We landed in Saigon, and I got my tourist visa without any trouble - they seemed to be giving the things away. But the customs man confiscated my copies of Time and Newsweek: it was at last impossible to allow too many Saigonese to see the wretched things. One of the covers had a photo of a Saigon soldier with a target drawn over his heart. It was headlined "Target Saigon". The customs man asked, "Do you think...?" and made a sign as if to slit his throat. I told him not to worry. Everything was going to be OK, no sweat.

I checked in at the small hotel near the market where I had stayed before, and went off to dinner at the Continental. The garden was crowded - tout le monde was there. Le Monde was there. The famous Dr Hunter S Thompson was there, surrounded by admirers, and was rumoured to have bought a gun. All the Indochina hands were back for the last act, which to the Americans meant the evacuation. The Washington Post staff had now been ordered, under pain of dismissal, to leave with the Embassy. The New York Times had also ordered its journalists not to stay behind, and the American networks were planning to evacuate. Everyone was talking about the secret password, which would be broadcast when the time came: an announcement that the temperature was 105 and rising, followed by the song "I'm Dreaming of a White Christmas". It was all very jolly: I had a good meal, and sloughed off some of the misery of Bangkok.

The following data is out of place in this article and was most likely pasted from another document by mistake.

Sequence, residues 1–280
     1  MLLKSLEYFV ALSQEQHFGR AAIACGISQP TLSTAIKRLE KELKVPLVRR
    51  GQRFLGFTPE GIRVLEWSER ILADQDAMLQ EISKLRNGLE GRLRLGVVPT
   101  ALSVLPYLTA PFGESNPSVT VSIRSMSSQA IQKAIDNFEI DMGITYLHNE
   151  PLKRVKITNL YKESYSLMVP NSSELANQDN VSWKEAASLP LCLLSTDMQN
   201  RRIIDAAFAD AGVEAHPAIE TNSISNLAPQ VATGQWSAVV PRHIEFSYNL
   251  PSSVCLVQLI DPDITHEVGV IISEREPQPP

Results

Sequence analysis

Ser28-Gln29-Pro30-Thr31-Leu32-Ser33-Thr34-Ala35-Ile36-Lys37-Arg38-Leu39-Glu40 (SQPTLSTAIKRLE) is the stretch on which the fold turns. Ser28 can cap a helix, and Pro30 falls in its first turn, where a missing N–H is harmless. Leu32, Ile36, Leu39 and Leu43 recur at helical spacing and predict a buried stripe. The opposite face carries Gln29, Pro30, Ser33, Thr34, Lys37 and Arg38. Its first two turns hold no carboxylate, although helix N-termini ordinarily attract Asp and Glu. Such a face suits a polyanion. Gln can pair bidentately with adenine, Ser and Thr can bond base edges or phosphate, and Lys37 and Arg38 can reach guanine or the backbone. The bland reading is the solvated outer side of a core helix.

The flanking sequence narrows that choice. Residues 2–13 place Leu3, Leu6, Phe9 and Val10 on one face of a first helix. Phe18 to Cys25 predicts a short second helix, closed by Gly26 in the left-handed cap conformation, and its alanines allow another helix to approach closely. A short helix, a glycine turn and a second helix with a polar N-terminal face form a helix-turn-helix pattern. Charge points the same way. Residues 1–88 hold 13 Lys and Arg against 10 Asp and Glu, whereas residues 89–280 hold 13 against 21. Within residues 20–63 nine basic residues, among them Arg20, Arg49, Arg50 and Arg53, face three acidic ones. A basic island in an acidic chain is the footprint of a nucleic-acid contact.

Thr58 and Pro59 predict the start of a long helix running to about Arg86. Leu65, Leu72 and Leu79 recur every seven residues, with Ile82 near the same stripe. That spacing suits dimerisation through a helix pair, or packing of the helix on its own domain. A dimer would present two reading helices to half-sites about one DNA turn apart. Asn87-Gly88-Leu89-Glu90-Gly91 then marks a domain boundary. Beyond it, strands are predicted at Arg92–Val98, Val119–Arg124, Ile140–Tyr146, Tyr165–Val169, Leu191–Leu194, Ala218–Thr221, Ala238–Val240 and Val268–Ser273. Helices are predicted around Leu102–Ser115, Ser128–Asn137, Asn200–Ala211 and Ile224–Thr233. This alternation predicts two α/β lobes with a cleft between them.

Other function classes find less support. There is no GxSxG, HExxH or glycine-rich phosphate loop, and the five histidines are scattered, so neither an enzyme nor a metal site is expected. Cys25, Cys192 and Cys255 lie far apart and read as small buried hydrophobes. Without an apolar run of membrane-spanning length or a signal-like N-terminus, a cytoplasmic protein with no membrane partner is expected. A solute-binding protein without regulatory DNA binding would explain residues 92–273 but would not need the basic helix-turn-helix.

I was woken the next morning by a sharp rap on the door. In came a rather beautiful Vietnamese girl, who plunged, without preliminaries, into a passionate speech. She had been a nightclub dancer, and now she simply must leave Saigon, and I must help her. It was early in the morning and I was rather gruff. She redoubled her efforts. "How can I live with the communists?" she wailed. "I can't spend my money and I can't wear my clothes. I have to wear Vietcong clothes." Then she kneeled on the floor beside my bed and pretended to cry - or gave what was, at best, a terrible imitation. "Please help me," she whined, "please help me leave Saigon." She was offering 300,000 piastres - a large sum for her, but with the soaring black market rate it amounted only to £40.